NTG develops and manufactures components to complete the Wendelstein 7-X at the Max Planck Institute for Plasma Physics in Greifswald. In this experimental facility for researching nuclear fusion technology, built on the principle of the stellarator, plasmas are enclosed with superconducting coils and heated to 100 million degrees Celsius. All elements coming into thermal contact with the plasma must be cooled with water. This also includes the ports, a significant component group of the stellarator. The ports connect the plasma vessel with the outer vessel; via these accesses, the plasma is observed and supplied. To prevent the ports from heating up inadmissibly due to thermal radiation from the plasma, and thus the cryogenic chamber, they must be protected with water-cooled linings. These linings – a total of 86 so-called “portliners” – were developed, built and tested by NTG.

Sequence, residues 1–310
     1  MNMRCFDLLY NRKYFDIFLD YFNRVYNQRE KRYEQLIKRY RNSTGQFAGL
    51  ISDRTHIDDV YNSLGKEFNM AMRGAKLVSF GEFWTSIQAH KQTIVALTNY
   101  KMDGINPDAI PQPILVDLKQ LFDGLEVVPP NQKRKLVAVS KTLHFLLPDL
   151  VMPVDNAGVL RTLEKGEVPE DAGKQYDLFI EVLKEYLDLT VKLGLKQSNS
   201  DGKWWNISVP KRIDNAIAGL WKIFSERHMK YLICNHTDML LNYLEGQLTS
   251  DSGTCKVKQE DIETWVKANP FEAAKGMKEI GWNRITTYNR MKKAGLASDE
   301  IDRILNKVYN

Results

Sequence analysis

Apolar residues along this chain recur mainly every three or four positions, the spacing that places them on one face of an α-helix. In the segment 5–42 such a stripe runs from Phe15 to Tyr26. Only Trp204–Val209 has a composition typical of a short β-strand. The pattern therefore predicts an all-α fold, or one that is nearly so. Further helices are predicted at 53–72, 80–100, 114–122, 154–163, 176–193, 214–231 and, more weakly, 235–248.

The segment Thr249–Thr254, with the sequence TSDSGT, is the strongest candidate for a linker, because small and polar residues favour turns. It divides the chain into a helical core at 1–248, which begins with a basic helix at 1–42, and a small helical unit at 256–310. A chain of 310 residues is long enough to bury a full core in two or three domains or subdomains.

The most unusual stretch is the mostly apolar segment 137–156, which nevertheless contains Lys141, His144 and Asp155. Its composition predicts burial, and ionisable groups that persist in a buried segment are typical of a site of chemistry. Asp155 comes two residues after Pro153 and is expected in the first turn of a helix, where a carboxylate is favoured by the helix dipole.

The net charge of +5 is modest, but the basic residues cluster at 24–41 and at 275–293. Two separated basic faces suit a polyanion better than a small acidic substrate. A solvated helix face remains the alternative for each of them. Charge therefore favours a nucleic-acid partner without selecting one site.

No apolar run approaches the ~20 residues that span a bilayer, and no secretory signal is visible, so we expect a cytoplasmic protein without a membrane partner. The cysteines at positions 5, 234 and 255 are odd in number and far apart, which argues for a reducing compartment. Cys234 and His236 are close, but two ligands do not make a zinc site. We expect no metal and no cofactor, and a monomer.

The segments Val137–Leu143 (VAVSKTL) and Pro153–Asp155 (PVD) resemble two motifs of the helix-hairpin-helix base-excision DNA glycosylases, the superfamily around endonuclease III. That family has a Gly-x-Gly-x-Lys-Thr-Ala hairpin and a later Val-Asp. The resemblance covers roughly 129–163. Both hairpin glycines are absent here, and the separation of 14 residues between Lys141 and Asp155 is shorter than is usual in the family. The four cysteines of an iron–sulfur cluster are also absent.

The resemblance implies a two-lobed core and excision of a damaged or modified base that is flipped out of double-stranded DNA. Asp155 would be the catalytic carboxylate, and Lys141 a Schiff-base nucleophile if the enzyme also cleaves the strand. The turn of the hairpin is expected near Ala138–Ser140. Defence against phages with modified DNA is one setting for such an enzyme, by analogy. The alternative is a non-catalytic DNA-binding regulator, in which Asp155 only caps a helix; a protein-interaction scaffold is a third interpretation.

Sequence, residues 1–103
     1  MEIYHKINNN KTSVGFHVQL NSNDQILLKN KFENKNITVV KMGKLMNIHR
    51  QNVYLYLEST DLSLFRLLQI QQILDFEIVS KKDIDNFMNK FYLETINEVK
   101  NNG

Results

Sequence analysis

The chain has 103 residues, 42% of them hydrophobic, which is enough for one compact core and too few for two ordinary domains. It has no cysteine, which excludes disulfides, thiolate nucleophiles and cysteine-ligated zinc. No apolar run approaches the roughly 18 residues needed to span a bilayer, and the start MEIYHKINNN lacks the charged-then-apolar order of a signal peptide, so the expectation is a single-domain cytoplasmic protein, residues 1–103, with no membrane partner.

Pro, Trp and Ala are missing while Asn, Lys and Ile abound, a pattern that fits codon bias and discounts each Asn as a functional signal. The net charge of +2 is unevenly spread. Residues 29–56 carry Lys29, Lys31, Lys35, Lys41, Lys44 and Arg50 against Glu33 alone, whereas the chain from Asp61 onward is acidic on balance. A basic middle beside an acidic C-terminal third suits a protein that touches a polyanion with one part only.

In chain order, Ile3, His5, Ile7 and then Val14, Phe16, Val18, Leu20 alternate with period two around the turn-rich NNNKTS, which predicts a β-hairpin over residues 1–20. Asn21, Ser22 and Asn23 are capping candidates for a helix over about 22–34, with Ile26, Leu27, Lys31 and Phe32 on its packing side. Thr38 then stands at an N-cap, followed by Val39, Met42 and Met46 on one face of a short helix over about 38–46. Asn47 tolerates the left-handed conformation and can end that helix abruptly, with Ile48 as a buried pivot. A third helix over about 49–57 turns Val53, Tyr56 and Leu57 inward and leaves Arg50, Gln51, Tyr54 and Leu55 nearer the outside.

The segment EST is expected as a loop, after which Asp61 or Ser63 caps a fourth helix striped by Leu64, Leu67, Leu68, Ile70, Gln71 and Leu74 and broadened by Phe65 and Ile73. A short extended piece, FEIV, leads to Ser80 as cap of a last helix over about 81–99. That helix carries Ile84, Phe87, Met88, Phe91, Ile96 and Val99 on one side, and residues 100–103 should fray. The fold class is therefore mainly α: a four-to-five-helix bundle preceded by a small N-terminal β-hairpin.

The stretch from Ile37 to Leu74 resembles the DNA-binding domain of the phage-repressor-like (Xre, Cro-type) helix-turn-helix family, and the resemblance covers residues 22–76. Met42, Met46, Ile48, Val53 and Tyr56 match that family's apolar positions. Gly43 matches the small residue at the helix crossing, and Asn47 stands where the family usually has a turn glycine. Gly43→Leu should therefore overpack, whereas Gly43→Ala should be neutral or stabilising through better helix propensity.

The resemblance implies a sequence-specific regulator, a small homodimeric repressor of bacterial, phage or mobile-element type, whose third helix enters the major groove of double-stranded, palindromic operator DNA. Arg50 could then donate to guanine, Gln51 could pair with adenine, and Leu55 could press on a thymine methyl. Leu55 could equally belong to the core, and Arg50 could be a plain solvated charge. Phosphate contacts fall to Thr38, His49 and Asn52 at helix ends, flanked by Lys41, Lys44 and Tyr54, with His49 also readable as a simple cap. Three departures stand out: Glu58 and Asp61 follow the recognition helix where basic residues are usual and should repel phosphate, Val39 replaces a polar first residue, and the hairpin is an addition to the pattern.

The technical challenge was the combination of high power input, tight tolerances and use in ultra-high vacuum. The cooling system is designed for a power input of 50 to 100 kW/m2 and operates according to the heat exchanger principle: The cold water runs in four millimeter-thin tubes, which in turn are located in eight millimeter-thick tubes. The water flows back in the space between these two pipes. This design allows the different geometries of the nozzle linings – round, rectangular or oval – to be shaped and manufactured precisely to fit the narrow installation spaces of 15 to 20 millimeters.